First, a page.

Wednesday, March 7, 2018

The Parfumier

I’m a little fed up with being a glamorous literary lion in the traditional mode. I go over to the nearby Tesco Micro to see if they have anything appetising in their markdown section (I can taste a bargain!), and am invariably asked for an autograph, or to pose for selfies. Though I’m unaware of there being any Asians (the British kind — from Pakistan, India, and Sri Lanka) in Ham, the Tesco Micro is staffed exclusively by such persons. I am unable to explain this, but can reveal that my disgruntlement with the literary lion  life has inspired me to think in terms of a new profession. I am too nearly deaf to revert to being a jazz critic, as I was when I was young and full of semen and collagen. Over the course of a typical one-hour cop drama of the sort we watch in such profusion on the television, I am apt to turn to Dame Zelda and ask what a character just said, and then not hear her answer, usually tendered in an impatient hiss because she’s trying to hear what the characters are saying as I pose the question. What I have resolved to become is a parfumier, in significant part because I really like the word. As I write this, I have just listened 25 times to the little guy on the Internet pronouncing, “pɑːˈf(j)uːmɪə/“. I find his voice very sexy, but that might be a subject for another essay. Knowing that it's spelled with an a, rather than an e, will make me feel superior to those who do not, and one with my self-esteem issues snatches eagerly at every opening. 

Anyway, I’m old and deaf enough to know that in this topsy-turvy world in which we’re all just dust in the wind, a product’s actual quality is of no relevance to anyone. It’s all about how ingeniously it is marketed. A whole industry exists to make consumers crave things they neither need nor even want, to get men who watch football on television believe that drinking something called Bud Lite will make them more virile, and maybe even get them invited to the table in the school cafeteria at which the jocks eat. But I didn’t need a so-called branding consultant in fashionable eyewear and a self-assured smirk to think of a name for my first fragrance — Promiscuous — or its all-important tag line: Smell easy.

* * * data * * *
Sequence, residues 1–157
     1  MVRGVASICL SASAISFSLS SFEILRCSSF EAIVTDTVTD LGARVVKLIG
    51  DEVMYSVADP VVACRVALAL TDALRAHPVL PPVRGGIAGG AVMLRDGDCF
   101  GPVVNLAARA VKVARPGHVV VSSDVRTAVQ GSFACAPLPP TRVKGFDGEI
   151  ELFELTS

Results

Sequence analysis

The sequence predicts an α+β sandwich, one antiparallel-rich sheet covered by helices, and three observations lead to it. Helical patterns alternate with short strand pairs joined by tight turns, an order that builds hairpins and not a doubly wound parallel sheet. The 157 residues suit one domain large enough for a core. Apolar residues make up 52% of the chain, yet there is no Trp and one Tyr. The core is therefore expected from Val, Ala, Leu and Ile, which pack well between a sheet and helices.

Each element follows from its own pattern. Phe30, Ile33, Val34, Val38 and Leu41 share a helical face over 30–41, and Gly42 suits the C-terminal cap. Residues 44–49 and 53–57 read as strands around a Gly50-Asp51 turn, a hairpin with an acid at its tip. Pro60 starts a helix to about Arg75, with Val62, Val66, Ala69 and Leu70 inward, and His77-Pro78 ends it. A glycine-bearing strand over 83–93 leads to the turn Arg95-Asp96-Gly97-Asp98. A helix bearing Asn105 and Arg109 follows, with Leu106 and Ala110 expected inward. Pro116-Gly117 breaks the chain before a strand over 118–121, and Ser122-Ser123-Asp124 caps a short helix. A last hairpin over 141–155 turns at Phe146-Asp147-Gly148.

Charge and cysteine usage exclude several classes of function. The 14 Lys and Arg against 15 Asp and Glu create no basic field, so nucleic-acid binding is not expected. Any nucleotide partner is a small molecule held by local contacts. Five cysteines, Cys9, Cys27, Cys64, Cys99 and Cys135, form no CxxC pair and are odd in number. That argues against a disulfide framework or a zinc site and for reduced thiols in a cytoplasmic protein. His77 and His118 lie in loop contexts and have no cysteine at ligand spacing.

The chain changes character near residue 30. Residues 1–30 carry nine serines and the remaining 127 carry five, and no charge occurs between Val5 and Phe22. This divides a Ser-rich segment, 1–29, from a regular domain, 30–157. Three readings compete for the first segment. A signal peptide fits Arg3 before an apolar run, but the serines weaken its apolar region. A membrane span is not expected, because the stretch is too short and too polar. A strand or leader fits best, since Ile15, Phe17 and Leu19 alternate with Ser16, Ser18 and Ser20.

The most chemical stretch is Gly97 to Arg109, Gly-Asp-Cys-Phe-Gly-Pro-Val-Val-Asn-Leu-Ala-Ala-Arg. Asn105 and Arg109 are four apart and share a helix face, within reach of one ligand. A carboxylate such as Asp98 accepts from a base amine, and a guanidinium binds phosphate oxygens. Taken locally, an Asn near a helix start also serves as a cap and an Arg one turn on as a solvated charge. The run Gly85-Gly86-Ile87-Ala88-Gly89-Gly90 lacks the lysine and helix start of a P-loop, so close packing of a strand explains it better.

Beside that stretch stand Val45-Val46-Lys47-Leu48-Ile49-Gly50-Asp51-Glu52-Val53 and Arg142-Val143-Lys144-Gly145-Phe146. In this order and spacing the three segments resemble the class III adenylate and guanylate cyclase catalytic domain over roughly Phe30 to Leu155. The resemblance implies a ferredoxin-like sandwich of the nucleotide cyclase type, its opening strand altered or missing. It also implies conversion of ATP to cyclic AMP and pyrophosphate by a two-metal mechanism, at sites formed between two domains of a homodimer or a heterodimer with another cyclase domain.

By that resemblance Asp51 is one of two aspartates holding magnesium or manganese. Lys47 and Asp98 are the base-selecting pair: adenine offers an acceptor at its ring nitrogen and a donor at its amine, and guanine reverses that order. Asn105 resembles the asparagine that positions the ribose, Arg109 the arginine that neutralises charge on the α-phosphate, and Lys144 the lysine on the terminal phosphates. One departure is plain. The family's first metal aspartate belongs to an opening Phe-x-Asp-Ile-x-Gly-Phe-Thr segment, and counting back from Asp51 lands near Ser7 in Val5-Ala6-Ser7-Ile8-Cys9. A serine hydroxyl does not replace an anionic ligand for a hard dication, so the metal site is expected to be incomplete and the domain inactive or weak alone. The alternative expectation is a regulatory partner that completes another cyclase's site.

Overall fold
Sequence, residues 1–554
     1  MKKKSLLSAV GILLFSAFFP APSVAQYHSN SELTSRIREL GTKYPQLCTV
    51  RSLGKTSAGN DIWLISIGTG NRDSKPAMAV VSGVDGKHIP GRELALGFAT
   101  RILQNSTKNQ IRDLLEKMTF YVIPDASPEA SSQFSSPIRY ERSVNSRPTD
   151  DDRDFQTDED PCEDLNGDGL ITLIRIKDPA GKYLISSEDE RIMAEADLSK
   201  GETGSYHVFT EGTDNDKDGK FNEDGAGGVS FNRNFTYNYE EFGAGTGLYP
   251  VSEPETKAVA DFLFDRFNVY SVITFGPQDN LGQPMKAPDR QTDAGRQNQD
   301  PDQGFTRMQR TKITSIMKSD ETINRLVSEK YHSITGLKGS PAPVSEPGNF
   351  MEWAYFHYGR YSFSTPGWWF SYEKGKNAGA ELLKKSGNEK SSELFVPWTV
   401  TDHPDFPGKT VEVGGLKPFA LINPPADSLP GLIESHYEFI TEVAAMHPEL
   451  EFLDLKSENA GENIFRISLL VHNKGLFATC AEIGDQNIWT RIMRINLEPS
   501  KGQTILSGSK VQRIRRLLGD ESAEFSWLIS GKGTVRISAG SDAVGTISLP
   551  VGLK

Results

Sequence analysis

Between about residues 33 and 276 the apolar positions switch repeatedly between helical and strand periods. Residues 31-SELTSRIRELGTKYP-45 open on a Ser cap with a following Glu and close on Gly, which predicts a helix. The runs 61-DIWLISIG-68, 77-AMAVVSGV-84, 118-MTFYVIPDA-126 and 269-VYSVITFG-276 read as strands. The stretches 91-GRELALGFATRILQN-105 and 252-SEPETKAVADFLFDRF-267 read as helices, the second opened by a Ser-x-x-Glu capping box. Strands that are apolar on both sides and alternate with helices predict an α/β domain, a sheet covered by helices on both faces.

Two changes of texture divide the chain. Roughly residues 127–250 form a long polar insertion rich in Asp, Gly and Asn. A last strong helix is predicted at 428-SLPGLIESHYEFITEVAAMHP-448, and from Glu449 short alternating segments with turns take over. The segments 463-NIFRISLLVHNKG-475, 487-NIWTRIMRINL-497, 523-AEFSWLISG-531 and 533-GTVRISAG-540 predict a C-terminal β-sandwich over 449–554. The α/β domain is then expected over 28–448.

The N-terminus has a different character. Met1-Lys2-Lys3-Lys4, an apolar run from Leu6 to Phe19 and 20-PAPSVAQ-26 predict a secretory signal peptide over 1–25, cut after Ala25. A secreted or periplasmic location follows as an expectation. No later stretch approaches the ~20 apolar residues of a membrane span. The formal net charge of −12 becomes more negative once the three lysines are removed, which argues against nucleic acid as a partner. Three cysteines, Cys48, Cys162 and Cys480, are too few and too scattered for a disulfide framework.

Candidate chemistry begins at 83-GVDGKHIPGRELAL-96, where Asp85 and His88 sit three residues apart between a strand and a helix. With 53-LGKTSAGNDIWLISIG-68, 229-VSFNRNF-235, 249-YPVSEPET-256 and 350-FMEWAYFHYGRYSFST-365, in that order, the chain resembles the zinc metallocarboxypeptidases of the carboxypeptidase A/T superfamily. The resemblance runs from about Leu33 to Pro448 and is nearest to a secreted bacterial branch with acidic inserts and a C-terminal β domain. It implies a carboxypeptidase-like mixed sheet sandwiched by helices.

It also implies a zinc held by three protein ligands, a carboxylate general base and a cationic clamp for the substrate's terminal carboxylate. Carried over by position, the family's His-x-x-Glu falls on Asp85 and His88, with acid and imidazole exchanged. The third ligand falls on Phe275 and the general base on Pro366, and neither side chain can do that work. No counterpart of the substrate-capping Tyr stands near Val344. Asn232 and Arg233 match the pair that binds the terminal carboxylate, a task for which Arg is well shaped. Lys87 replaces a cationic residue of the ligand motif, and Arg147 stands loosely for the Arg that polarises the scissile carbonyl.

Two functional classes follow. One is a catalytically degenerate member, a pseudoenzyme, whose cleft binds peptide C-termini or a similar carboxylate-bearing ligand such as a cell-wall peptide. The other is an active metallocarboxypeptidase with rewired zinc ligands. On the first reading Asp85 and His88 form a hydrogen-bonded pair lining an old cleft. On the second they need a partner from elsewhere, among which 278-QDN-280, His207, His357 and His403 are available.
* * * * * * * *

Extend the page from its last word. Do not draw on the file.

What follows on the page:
In the wake of the Harvey Swinestein brouhaha, and all those that followed, we are not comfortable talking about this sort of thing, but have you noticed that on Halloween, a very large percentage of women dress as sluts, and only a handful as nuns or associate professors of English at stuffy women’s colleges? Many women, while understandably not wanting someone fat and repulsive and altogether ghastly like Swinestein to demand “massages” from them, obviously revel in the power of their sexuality, and I believe that before the midterm elections have plunged us even more deeply into despair, all your most fashionable models and actresses and female electronic journalists and pundits and celebrity chefs and oncologists and what have you will be wearing Promiscuous, and, though they won’t admit it, savouring the lust they inspire in it. 


I have of course considered Promiscuous for Men, but some of the brand consultants I’ve been pretending to be considering hiring (gerunds on parade!), based on their responses to a few preliminary questions intended to demonstrate how far out of the box their thinking is, have pointed out that the name is redundant, male promiscuity being assumed. It’s biological, having originated at a time when many died in childbirth, and the survival of the species depended on fellows filling as many gals as possible with their rich, frothy cum. Now, of course, there are far, far too many of us on the planet, and the oceans are apparently full of plastic crap, but the wheels of biology turn slowly. Moreover, the sort of man who’d consider wearing a cologne called Promiscuous might well be iffy about his product being an offshoot of a ladies’. 

Can you imagine how much Bud Lite one would have to make a big show of guzzling publicly to compensate for that?

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